Many UNIX utilities are described as “little languages”;
but maxima is a BIG language, comparable to
FORTRAN or C; a still better analogue is
the more complex PostScript language, with its hundreds of
(maxima is a computer language for doing algebra,
trigonometry, calculus, solving equations, and performing other common
mathematical procedures on real and complex scalar variables, vectors
and matrices, rather than just numerical or logical operations on numbers
Partly because of its wide scope, and partly because
maxima is older than UNIX and almost as old as
FORTRAN, it's large, complicated, and full of fossils
from the days of punched cards — when computers had very limited
character sets, and awkward work-arounds had to be used to make up for
a paucity of operators and symbols. That makes it a bit clumsy to use,
and difficult to pick up. On the other hand, its long history means
it's mature software, and relatively reliable.
I've found that maxima has a steep learning curve.
There are some
available, but a little extra help would be useful.
A good place to start is with Antonio Cangiano's
and Richard Rand's slightly longer
Introduction to Maxima.
After looking at these very simple examples, it's useful to move
on to slightly more advanced guides, like Robert Dodier's 20-page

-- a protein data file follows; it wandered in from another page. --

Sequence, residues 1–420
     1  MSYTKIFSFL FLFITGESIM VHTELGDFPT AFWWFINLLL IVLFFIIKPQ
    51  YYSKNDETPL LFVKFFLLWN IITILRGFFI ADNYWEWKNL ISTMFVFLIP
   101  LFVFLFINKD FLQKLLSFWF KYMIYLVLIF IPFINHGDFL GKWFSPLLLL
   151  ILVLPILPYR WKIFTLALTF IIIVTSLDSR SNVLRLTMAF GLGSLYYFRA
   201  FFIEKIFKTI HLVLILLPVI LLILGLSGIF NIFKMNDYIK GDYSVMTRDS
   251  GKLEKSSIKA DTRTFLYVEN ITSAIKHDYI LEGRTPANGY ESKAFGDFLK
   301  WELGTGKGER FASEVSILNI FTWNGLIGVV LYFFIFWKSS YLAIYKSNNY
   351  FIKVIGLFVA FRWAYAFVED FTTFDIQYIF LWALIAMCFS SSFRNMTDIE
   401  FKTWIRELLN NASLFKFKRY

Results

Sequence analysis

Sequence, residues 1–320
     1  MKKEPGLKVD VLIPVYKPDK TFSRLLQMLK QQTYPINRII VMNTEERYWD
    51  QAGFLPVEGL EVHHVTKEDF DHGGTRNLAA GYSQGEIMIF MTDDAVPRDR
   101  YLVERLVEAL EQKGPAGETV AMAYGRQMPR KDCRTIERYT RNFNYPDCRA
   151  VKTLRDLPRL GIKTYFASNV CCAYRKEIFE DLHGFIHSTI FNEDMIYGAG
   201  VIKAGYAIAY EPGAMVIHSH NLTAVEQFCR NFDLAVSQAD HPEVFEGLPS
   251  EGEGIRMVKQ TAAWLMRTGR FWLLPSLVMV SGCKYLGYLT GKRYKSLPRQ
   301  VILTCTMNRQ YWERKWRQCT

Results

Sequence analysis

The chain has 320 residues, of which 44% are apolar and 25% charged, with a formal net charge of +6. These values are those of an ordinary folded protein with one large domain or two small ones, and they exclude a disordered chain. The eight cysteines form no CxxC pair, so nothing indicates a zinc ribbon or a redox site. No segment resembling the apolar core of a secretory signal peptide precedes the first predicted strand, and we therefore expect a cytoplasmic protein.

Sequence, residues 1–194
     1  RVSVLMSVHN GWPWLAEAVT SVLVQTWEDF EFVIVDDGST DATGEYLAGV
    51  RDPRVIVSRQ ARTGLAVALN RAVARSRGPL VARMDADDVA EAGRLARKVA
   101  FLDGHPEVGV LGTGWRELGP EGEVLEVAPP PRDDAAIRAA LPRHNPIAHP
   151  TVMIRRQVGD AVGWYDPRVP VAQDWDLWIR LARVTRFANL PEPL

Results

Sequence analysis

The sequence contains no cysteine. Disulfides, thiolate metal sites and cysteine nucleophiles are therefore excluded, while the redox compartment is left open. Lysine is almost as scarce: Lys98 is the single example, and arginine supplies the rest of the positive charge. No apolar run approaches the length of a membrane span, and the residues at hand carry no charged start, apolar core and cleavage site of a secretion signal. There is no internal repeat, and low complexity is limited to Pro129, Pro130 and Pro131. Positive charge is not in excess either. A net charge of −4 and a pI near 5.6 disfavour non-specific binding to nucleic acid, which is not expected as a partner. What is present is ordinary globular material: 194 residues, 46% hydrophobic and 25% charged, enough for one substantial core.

and Edwin L. Woollett's
Maxima by Example.
But the novice may find even these guides difficult to follow without a
little preliminary explanation — which is what you see below.
Usually, maxima is used interactively; you can think of it
as a symbolic-algebra shell. Statements are executed as they are encountered.
As with a shell, scripts or “batch” files can be prepared for
When maxima is used interactively, it presents numbered
prompts (in parentheses) to ask for input. The input statements are
denoted by %i followed by sequential integers: the first prompt is
(%i1), the second is (%i2), and so on. These statement
numbers can be used later on to refer to the corresponding lines of input.
Assignment statements set up name-value pairs.
Because maxima deals with complete equations as well as
isolated algebraic expressions, it reserves the = operator for
defining equations. That means that variables and functions have to be
defined another way — unlike numerical languages like
FORTRAN and C, where = is
used to store numerical values in variables.
So maxima uses a colon [ : ] to assign values
to variable names. (This is similar to C's use of a
colon to assign labels to places in a program; in both cases, the name
before the colon is associated with something.)
In some computer languages, such as FORTRAN and many
scripting languages, the end of a line indicates the end of a statement.
This isn't practical in maxima, where statements can be
very long and require many lines. So maxima normally uses
the semi-colon [ ; ] as a statement delimiter.
(Note that this allows you to put several short statements on a single
line of input.) For example, entering